Girl from Yamhill

In which I post about the most recent non-fiction book I read (#87).

I just finished reading the companion autobiography to My Own Two Feet, thanks to the lovely Katie W.’s generous lending of her copy for several months. In The Girl from Yamhill, Beverly Cleary recounts her early childhood through the preparation to leaving home to travel and go to Junior College — away from the influence of her parents, and especially her mother, for the first time.

There were small historically interesting tidbits that struck me this time, like her father straightening his razor blade on the inside of a glass in order to extend the life during the depression. But I found the relationship that she had with her mother the most thought-provoking. I have struggled with my own relationship with my mother, as do many of the girls that I know (with a few notable exceptions, of course.) It was clear that many of the incidents she remembered so clearly still hurt and bewilder her. They defined her life for so long, but clearly she was able to break free of the cycle and pursue her dreams and create a world of childhood that so many kids still inhabit.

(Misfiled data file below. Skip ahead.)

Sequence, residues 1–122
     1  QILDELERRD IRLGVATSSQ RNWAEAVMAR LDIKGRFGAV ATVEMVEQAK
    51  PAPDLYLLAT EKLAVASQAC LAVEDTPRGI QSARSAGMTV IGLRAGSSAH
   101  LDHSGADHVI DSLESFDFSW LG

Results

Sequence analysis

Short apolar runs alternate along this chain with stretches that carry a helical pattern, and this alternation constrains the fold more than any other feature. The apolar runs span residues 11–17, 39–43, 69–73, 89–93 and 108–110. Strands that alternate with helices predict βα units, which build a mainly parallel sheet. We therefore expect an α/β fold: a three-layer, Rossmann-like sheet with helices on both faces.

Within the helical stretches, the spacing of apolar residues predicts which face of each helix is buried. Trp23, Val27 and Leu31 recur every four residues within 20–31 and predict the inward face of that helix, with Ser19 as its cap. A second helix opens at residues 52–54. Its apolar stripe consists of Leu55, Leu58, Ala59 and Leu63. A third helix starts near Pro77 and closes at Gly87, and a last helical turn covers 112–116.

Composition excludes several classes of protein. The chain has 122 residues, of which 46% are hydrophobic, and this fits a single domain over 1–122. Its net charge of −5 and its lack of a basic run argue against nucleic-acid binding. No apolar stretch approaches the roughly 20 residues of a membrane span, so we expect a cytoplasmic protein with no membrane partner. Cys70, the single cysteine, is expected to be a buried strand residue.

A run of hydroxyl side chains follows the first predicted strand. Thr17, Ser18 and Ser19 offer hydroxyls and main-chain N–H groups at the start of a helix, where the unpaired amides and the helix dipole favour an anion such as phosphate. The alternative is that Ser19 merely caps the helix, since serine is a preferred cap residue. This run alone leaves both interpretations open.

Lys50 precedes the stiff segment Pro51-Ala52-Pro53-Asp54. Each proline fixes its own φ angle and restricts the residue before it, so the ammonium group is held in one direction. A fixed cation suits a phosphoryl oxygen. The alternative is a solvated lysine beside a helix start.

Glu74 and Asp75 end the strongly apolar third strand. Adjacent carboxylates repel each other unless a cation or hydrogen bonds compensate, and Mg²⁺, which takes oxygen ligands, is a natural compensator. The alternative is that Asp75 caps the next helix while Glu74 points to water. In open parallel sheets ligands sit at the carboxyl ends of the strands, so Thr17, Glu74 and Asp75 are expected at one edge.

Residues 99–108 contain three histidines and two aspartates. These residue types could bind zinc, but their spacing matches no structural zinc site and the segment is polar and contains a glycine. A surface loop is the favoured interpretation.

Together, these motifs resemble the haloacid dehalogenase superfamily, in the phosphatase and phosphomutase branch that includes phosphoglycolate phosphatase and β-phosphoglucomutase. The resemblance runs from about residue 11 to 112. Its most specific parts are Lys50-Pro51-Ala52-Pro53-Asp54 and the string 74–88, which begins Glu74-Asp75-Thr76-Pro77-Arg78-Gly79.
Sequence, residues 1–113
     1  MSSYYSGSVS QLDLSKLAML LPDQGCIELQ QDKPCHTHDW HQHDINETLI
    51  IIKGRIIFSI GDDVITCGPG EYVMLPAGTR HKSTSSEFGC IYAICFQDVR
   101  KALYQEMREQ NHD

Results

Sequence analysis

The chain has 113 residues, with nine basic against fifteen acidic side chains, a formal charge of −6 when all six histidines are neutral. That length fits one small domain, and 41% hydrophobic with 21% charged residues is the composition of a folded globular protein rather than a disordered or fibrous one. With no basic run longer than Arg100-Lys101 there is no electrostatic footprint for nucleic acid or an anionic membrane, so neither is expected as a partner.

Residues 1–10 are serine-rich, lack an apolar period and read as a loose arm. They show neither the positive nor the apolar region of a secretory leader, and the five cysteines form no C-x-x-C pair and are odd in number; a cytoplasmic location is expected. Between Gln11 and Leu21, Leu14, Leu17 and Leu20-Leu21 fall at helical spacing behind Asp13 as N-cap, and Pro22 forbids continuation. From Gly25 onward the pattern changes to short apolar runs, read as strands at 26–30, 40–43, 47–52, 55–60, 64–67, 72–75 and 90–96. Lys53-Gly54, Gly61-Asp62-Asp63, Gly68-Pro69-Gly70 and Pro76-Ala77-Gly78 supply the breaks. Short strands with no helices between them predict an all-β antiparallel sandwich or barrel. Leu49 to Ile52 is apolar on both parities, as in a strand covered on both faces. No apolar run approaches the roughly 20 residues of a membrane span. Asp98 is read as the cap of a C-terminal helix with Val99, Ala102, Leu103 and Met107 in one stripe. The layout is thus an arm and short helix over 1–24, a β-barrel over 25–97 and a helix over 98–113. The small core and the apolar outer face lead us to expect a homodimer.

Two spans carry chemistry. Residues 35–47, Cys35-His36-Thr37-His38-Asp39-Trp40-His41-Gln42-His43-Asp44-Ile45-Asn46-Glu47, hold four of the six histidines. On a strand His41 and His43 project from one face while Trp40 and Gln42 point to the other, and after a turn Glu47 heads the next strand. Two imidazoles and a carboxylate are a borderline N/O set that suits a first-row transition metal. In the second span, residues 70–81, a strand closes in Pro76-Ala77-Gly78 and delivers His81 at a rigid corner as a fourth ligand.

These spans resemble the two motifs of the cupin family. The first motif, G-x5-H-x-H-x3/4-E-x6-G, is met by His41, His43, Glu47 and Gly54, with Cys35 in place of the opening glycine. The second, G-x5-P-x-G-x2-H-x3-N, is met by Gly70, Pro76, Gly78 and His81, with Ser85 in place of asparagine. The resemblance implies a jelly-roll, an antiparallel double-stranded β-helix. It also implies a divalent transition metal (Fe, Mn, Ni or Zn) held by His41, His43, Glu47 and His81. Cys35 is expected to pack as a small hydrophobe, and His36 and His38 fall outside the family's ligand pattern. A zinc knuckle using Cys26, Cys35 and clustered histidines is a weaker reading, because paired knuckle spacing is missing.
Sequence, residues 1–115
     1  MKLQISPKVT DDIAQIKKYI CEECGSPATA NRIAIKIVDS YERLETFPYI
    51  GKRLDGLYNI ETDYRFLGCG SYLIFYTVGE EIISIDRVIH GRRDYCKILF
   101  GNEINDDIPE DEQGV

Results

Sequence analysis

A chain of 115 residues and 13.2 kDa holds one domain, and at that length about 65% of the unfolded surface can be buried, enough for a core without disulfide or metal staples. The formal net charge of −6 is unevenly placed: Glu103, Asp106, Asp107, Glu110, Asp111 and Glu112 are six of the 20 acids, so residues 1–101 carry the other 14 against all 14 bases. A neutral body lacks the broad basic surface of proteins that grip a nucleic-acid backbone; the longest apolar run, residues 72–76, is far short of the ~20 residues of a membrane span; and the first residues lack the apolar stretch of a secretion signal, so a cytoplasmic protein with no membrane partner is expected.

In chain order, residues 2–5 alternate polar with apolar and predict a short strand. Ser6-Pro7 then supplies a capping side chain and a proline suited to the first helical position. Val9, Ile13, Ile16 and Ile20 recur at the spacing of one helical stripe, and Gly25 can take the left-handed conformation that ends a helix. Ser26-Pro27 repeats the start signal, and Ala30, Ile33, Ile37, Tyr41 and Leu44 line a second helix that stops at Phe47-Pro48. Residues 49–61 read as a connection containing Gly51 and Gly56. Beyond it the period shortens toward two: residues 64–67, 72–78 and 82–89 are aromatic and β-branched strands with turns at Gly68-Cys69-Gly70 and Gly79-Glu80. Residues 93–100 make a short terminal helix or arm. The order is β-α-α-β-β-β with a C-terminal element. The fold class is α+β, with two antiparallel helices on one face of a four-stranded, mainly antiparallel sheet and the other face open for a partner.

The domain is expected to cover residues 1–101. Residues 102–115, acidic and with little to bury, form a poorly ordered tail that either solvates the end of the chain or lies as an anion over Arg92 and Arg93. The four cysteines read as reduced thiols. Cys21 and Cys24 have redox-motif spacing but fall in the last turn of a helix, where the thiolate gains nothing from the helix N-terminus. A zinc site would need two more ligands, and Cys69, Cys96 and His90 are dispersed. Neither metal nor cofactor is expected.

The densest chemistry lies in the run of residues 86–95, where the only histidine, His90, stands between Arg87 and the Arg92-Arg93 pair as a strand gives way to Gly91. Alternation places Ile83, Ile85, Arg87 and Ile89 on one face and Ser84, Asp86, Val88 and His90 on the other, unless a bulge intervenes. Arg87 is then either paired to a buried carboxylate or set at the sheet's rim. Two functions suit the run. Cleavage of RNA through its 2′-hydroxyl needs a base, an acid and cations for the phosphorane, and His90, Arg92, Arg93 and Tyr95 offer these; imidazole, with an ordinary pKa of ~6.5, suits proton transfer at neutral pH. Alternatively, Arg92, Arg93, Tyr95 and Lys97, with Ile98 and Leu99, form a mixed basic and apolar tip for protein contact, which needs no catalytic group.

An interesting pair of memoirs, whether you grew up on Cleary’s books or not. I highly recommend them. (Even if you consider your mother a friend and a fine woman.)

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